There and Back again, Part 3


In Part 2 of this series I discussed my new job at the Universalmuseum Joanneum and the challenges we face with the purchase and renewal process of our membership program. This following last part outlines solutions and strategies to overcome those challenges.

Automation – full throttle ahead!

For the past 18 months I’ve been working on establishing a marketing automation platform in order to properly cater to the needs of new leads and existing card holders. Our currently underutilized online forms to order the Joanneumskarte will be replaced with new forms that integrate with our CRM. At the same time, my co-worker established a new module, that enables us to quickly issue and print cards from within our CRM. Now finally all our data is in one place – and we love it!

The new form landing pages are optimized for user experience and will allow us to offer payment and discounts online. Going forward, each company our sales person contracts with receives their individual online form for their employees. Employees can purchase the card only via the dedicated form, automatically associating them with the sales campaign and freeing up our resources at the museum front desk – not to mention our own, now that the customers are doing the data entry for us. It goes without saying that this will also improve data quality.

Joanneumskarte Formular

The renewal process will be automated as well. In the near future we will be sending an email with a link to a personalized landing page 30 days before the card expires. The prefilled form simplifies the renewal process for our existing customers who can now pay via online banking and immediately receive a PDF invoice. People who don’t renew will automatically be sent a reminder 30 days after their card expired. If we don’t have an email on file, we send the contact data to a print shop on a monthly basis who then sends out the renewal letters for us.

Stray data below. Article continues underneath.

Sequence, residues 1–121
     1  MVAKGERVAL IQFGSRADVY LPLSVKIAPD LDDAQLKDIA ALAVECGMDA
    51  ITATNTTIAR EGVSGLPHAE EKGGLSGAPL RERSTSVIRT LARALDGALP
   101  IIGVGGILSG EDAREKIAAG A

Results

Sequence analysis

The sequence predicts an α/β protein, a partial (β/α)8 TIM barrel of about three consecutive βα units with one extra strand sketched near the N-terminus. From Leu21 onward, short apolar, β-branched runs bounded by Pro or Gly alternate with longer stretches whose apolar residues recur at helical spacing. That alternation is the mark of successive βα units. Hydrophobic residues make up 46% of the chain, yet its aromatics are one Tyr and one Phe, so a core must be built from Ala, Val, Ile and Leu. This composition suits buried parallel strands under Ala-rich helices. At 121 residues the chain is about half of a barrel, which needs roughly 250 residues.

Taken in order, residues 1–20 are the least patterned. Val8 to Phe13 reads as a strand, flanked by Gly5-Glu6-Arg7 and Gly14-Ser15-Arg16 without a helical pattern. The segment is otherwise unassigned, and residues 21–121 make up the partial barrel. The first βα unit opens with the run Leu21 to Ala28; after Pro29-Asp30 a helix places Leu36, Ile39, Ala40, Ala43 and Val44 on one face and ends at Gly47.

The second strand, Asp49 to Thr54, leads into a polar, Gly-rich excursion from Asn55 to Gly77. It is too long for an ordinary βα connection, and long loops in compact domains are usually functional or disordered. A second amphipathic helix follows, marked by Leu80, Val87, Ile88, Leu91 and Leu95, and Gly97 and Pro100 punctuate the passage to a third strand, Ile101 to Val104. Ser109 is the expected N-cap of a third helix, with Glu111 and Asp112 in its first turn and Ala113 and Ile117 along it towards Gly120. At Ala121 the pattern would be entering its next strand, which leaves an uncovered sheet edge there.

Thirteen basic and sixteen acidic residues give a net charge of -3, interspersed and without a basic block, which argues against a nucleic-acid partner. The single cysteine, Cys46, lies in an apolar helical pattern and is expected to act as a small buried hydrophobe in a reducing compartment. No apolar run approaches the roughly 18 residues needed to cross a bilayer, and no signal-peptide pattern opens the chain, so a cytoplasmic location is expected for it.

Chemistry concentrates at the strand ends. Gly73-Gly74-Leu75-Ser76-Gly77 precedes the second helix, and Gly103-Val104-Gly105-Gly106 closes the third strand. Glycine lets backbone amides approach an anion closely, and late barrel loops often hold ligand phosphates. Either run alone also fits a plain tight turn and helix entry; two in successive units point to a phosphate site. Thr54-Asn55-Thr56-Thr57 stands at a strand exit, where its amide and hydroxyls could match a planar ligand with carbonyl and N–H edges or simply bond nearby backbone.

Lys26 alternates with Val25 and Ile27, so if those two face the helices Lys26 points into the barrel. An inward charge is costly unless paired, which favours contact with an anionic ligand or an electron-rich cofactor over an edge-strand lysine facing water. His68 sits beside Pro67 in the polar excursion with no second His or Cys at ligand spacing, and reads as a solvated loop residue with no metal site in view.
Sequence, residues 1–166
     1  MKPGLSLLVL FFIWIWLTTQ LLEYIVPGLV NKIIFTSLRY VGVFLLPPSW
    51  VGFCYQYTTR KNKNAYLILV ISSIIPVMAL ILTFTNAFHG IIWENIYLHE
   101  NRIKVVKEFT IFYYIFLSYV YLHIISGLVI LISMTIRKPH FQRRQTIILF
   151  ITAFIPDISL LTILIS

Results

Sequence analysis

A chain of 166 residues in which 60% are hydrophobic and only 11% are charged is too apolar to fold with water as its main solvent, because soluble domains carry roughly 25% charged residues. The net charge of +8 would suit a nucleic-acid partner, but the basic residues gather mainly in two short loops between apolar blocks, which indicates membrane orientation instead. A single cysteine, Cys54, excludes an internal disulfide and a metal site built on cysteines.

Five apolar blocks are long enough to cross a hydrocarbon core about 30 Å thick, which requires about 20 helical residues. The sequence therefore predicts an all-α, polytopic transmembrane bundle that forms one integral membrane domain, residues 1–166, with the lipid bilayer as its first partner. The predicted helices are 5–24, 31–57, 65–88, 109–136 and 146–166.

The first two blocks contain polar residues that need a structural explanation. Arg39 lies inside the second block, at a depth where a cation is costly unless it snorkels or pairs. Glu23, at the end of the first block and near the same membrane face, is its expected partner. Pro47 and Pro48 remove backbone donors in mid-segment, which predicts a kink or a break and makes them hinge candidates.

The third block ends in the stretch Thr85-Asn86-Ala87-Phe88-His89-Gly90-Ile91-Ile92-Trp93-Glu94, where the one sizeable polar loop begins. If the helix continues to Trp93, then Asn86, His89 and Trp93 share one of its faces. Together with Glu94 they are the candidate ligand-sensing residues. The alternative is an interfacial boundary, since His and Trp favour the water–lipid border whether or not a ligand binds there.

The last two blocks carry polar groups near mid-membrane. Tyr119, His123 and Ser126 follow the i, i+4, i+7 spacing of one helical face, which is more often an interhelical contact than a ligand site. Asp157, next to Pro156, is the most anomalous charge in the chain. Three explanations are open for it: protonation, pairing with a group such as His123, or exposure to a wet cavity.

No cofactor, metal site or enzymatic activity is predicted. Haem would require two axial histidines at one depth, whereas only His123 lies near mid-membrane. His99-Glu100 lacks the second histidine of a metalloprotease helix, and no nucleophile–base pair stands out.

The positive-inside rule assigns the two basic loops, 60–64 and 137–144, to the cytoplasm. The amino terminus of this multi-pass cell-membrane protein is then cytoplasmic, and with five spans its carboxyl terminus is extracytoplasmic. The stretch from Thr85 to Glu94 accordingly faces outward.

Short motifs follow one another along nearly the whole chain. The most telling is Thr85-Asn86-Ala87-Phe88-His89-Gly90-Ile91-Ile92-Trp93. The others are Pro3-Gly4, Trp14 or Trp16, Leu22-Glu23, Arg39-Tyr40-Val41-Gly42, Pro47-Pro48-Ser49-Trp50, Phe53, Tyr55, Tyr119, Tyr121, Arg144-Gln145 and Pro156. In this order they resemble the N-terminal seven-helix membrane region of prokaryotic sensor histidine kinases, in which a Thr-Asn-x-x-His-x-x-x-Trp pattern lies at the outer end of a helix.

We also have come to understand that our card holders from sales campaigns have usually less knowledge of our services and activities than people, who opt to purchase the Joanneumskarte organically. Based on their origin, we will send an email drip campaign to every new card holder. Sales customers receive messages detailing our museum sites and exhibits, whereas organic customers receive more detailed information on the services the Joanneumskarte provides, personalized through dynamic content according to their subscription level.


We also purchased the branded domain name to easily communicate our product.

That’s a great start! So what’s next?

This is only the beginning, there are plenty of opportunities to use the marketing automation platform for other purposes. It will probably still take another month or two until the project finally wraps and we can launch the entire new system. We’re all looking forward to that day 🙂

As of June 1st, I switched to our marketing department and I’m now responsible for the strategic development of all digital communication and digital media. My new job provides the opportunity to extend my knowledge to our website, blog and social media. My main focus will now be analyzing and optimizing the website for user behavior and search, create an inventory and evaluate the content of our website to fill the gaps for our online visitors, create new landing pages and email campaigns in collaboration with marketing, intertwine our blog, website and social media – the list goes on and on.